Future GPS: The USA’s GPS-III Programs
August 26/19: GPS III Launch with Raytheon GPS OCX Raytheon announced that the US Air Force used the company’s GPS Next-Generation Operational Control System, known as GPS OCX, to support the launch of its second GPS III satellite into space. The ground system will spend 10 days maneuvering the satellite into its final orbit, demonstrating GPS OCX’s ability to simultaneously support multiple GPS III spacecraft on-orbit throughout the checkout and calibration process. GPS III SV02 is the newest generation of GPS satellites designed and built to deliver positioning, navigation and timing information apparently with three times better accuracy, and up to eight times improved anti-jamming capability than its predecessor. Prime contractor is Lockheed Martin. The GPS III satellite, also called Magellan, was launched on August 22 after years of delays. United Launch Alliance used a Delta IV rocket to launch the second Global Positioning System III (GPS III) satellite for the US Air Force Space and Missile Systems Center.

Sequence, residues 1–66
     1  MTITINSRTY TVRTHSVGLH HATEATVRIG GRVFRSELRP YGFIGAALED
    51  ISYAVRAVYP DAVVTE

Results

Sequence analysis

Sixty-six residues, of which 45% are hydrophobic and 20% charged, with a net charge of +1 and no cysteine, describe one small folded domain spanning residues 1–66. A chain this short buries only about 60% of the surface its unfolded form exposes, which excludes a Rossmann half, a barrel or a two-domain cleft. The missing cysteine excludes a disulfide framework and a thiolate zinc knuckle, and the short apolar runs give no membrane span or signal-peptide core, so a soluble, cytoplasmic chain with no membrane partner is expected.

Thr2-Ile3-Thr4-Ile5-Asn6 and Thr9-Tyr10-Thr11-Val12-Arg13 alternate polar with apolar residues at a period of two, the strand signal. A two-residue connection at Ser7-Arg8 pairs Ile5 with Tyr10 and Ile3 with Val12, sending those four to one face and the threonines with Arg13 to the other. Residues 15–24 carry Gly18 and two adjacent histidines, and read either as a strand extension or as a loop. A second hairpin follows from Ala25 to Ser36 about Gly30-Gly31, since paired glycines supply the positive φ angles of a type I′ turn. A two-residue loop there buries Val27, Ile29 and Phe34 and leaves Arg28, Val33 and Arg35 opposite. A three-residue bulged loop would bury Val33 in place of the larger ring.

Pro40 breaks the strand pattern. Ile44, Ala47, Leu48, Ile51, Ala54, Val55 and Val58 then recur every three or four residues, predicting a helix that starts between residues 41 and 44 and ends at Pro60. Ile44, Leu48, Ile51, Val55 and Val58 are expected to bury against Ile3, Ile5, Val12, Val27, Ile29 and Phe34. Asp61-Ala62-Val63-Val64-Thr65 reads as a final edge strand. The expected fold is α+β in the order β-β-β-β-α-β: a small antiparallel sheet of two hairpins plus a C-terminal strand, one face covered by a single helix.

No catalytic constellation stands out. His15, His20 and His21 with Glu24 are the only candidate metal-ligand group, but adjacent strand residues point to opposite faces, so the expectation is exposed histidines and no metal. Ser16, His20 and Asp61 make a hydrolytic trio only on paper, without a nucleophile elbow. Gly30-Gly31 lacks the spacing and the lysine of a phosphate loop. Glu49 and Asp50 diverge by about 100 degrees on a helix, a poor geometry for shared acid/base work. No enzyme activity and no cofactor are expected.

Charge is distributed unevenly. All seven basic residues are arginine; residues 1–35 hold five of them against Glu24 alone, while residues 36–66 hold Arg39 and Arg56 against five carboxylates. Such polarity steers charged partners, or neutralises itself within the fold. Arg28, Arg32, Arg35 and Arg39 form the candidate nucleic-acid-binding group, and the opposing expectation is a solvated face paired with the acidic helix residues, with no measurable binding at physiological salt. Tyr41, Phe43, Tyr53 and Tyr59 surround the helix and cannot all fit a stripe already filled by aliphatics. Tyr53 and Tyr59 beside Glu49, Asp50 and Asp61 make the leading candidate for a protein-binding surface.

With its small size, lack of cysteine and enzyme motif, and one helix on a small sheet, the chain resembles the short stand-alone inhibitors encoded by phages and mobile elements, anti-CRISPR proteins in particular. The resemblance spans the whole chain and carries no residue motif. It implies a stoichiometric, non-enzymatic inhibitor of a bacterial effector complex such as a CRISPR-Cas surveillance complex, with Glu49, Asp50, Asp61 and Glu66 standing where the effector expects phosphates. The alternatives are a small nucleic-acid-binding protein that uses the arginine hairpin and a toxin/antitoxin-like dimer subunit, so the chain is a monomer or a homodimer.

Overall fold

GPS-III satellites, in conjunction with their companion OCX ground control, system are the Global Positioning System (GPS) future. They offer big advantages over existing GPS-II satellites and GCS, but most of all, they have to work. Disruption or decay of the critical capabilities provided by the USA’s Navstar satellites would cripple both the US military, and many aspects of the global economy.
The time-based GPS service is the most-used application of Einstein’s Theories of Relativity. GPS has become part of civilian life in ways that go go far beyond those handy driving maps, including crop planting, timing services for stock trades, and a key role in credit card processing. At the same time, military class (M-code) GPS guidance can now be found in everything from cruise missiles and various precision-guided bombs, to battlefield rockets and even artillery shells. Combat search and rescue radios rely on this line of communication, and so does a broadening array of individual soldier equipment.
This DII FOCUS article looks at the existing constellation, GPS-III improvements, the program’s structure, its progress through contracts and key milestones, and extensive PTN (Positioning, Timing & Navigation)/ GNSS (Global Navigation Satellite System) research links.
GPS: The Existing Array
The GPS III Program
OCX & MGUE: New Ground Control & Receivers
GPS-III: Contracts and Key Events
FY 2014 – 2016
FY 2012 – 2013
FY 2010 – 2011
FY 2004 – 2009
GPS-III Program Background
Other GNSS Systems – and Alternatives
News and Views
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